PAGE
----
Great War Third Battle of Ypres Officer Casualty 1914 double Mention in Despatches trio awarded to 2nd Lieutenant G. Burdett, 1st Battalion, East Surrey Regiment, formerly Royal Army Medical Corps. Present out on the Western Front with the 14th Field Ambulance from 20th August 1914, as an Acting Corporal he was Mentioned in Despatches for gallant and distinguished services on 22nd June 1915, and for a second time on 1st January 1916. Commissioned into the East Surrey’s in September 1916, he was killed in action during the Third Battle of Ypres on 4th October 1917, when the 1st Battalion then stationed in Meteren, south of Polygon Wood, was part of large-scale attack between Bitter Wood and Tower Hamlet Spur.
Trio and Plaque: 1914 Star; (7742 PTE. G. BURDETT. R.A.M.C.); British War Medal with Victory Medal and Mention in Despatches Oakleaf; (2.LIEUT. G. BURDETT.), all three with original issued lengths of ribbon, and with remnants of the original paper packets; Memorial Plaque named to; (GLANVILLE BURDETT), this housed in its card envelope.
Condition: Extremely Fine.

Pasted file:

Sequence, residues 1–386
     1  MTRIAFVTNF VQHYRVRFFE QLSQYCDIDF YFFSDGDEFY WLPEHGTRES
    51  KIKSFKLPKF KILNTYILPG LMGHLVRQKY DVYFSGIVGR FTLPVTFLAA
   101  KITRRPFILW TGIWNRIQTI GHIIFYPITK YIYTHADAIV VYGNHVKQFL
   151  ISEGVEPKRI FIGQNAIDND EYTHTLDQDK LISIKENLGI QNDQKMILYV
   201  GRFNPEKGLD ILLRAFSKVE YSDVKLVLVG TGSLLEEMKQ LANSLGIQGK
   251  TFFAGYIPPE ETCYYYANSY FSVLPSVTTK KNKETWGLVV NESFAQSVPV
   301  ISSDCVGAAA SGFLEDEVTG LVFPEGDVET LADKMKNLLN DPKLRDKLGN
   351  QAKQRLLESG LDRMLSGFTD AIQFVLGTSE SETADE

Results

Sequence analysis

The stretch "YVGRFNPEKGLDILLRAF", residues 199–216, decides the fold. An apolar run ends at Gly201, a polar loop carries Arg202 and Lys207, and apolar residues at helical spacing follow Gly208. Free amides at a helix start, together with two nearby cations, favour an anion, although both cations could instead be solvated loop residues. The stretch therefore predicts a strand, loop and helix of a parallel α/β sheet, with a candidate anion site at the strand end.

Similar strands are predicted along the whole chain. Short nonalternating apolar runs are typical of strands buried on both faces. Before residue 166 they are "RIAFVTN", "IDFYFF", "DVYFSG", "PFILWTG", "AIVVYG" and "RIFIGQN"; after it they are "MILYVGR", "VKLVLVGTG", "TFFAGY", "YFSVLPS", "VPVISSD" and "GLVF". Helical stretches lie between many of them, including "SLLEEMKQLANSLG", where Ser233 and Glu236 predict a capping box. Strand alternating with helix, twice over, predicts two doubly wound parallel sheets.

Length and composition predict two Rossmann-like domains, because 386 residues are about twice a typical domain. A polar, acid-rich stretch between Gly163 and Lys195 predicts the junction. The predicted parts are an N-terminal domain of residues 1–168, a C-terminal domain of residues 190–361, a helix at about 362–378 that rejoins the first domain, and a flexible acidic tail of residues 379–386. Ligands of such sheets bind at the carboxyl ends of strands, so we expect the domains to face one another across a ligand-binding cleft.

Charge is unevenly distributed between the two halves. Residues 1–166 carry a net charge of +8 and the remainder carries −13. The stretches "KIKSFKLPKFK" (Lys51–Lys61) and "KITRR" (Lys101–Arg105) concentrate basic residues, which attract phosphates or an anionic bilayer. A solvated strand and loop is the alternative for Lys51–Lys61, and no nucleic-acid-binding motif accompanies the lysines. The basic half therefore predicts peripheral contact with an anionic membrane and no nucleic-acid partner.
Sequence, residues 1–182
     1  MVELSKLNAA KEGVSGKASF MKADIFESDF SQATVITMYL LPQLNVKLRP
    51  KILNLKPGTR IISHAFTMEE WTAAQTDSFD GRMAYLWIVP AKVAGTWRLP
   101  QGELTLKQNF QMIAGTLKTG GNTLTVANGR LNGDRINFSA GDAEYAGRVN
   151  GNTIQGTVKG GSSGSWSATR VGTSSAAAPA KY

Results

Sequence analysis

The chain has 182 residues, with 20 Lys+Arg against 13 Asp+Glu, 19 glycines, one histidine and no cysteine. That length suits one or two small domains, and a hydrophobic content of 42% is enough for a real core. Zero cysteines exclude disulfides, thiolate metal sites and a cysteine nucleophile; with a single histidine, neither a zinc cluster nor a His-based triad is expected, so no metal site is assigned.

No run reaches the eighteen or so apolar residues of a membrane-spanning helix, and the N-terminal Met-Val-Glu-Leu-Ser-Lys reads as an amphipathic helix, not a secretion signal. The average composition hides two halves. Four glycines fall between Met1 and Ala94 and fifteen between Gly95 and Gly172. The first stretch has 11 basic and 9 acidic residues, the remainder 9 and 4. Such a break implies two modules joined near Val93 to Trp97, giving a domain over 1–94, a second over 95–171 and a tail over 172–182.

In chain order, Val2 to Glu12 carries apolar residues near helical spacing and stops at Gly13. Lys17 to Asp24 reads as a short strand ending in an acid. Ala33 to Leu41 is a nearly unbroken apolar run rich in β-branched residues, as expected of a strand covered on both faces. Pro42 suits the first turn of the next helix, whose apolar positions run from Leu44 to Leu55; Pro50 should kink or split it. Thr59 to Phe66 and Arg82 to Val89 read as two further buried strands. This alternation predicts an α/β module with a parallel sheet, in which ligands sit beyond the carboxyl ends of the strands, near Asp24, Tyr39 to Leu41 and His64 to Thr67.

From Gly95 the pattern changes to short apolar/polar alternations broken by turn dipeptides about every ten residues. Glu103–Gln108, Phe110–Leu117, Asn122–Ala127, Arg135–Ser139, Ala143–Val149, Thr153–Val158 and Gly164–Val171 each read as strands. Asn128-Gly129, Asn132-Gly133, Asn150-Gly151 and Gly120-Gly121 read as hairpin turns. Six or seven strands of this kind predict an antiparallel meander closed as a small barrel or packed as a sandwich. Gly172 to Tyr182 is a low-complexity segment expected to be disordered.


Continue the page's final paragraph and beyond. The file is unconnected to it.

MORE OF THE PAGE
Glanville Burdett was born in 1890 in Harborne, Staffordshire. A Warehouse Salesman before the war, he then enlisted as a Private (No.7742) into the Royal Army Medical Corps, and with the outbreak of the Great War, he then saw service out on the Western Front with the British Expeditionary Force from 20th August 1914, when serving with the 14th Field Ambulance. Burdett was twice Mentioned in Despatches for gallant and distinguished services with the 14th Field Ambulance, the first time in the London Gazette for 22nd June 1915 when an Acting Corporal, and the second time in the London Gazette for 1st January 1916 when an Acting Sergeant.
Burdett was then commissioned as a 2nd Lieutenant into the East Surrey Regiment on 6th September 1916 and saw service with the 1st Battalion during the Third Battle of Ypres. In October 1917, his battalion was stationed in Meteren, south of Polygon Wood, and it was here that Burdett was killed in action on the 4th October 1917, when his battalion was part of large-scale attack between Bitter Wood and Tower Hamlet Spur. Having no known grave, he is commemorated by name on the Tyne Cot Memorial. His medals were sent to his father, W. Burdett, Esq., at The Woodlands, Vicarage Road, Harborne, Staffordshire.